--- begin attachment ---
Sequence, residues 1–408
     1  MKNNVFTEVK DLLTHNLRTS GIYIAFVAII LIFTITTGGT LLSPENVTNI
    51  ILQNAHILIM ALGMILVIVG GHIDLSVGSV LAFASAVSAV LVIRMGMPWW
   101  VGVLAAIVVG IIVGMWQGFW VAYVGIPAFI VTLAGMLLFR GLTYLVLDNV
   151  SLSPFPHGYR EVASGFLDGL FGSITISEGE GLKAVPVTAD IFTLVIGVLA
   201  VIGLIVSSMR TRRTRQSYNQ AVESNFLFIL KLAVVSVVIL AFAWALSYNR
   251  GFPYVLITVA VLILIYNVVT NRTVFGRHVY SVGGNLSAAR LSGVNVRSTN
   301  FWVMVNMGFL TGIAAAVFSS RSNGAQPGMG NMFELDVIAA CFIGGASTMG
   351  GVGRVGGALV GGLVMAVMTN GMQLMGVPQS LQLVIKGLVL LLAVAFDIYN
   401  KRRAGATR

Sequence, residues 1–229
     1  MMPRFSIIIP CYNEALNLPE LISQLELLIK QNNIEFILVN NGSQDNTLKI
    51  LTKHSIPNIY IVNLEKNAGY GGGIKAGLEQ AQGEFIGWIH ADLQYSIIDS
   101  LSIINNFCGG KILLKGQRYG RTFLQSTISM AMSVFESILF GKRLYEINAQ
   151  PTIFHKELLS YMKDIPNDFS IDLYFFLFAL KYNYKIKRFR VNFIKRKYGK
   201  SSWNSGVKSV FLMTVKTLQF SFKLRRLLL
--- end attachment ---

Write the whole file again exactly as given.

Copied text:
Sequence, residues 1–408
     1  MKNNVFTEVK DLLTHNLRTS GIYIAFVAII LIFTITTGGT LLSPENVTNI
    51  ILQNAHILIM ALGMILVIVG GHIDLSVGSV LAFASAVSAV LVIRMGMPWW
   101  VGVLAAIVVG IIVGMWQGFW VAYVGIPAFI VTLAGMLLFR GLTYLVLDNV
   151  SLSPFPHGYR EVASGFLDGL FGSITISEGE GLKAVPVTAD IFTLVIGVLA
   201  VIGLIVSSMR TRRTRQSYNQ AVESNFLFIL KLAVVSVVIL AFAWALSYNR
   251  GFPYVLITVA VLILIYNVVT NRTVFGRHVY SVGGNLSAAR LSGVNVRSTN
   301  FWVMVNMGFL TGIAAAVFSS RSNGAQPGMG NMFELDVIAA CFIGGASTMG
   351  GVGRVGGALV GGLVMAVMTN GMQLMGVPQS LQLVIKGLVL LLAVAFDIYN
   401  KRRAGATR

Sequence, residues 1–229
     1  MMPRFSIIIP CYNEALNLPE LISQLELLIK QNNIEFILVN NGSQDNTLKI
    51  LTKHSIPNIY IVNLEKNAGY GGGIKAGLEQ AQGEFIGWIH ADLQYSIIDS
   101  LSIINNFCGG KILLKGQRYG RTFLQSTISM AMSVFESILF GKRLYEINAQ
   151  PTIFHKELLS YMKDIPNDFS IDLYFFLFAL KYNYKIKRFR VNFIKRKYGK
   201  SSWNSGVKSV FLMTVKTLQF SFKLRRLLL